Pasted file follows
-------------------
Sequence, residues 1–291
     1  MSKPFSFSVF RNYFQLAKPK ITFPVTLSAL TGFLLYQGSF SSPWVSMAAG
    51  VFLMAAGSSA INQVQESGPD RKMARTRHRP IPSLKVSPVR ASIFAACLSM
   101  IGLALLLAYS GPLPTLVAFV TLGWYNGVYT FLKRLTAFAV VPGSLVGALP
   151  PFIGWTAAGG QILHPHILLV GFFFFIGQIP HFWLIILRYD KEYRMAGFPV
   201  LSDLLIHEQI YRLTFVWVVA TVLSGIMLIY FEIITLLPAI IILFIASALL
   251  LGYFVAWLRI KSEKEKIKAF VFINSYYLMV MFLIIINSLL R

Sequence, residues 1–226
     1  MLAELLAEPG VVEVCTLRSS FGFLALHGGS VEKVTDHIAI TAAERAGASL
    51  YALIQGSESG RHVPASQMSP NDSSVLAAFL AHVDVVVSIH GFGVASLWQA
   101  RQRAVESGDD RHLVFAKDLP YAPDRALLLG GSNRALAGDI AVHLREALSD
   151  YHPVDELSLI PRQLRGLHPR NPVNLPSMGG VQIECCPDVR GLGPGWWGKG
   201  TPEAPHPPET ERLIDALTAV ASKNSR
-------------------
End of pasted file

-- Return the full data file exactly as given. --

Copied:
Sequence, residues 1–291
     1  MSKPFSFSVF RNYFQLAKPK ITFPVTLSAL TGFLLYQGSF SSPWVSMAAG
    51  VFLMAAGSSA INQVQESGPD RKMARTRHRP IPSLKVSPVR ASIFAACLSM
   101  IGLALLLAYS GPLPTLVAFV TLGWYNGVYT FLKRLTAFAV VPGSLVGALP
   151  PFIGWTAAGG QILHPHILLV GFFFFIGQIP HFWLIILRYD KEYRMAGFPV
   201  LSDLLIHEQI YRLTFVWVVA TVLSGIMLIY FEIITLLPAI IILFIASALL
   251  LGYFVAWLRI KSEKEKIKAF VFINSYYLMV MFLIIINSLL R

Sequence, residues 1–226
     1  MLAELLAEPG VVEVCTLRSS FGFLALHGGS VEKVTDHIAI TAAERAGASL
    51  YALIQGSESG RHVPASQMSP NDSSVLAAFL AHVDVVVSIH GFGVASLWQA
   101  RQRAVESGDD RHLVFAKDLP YAPDRALLLG GSNRALAGDI AVHLREALSD
   151  YHPVDELSLI PRQLRGLHPR NPVNLPSMGG VQIECCPDVR GLGPGWWGKG
   201  TPEAPHPPET ERLIDALTAV ASKNSR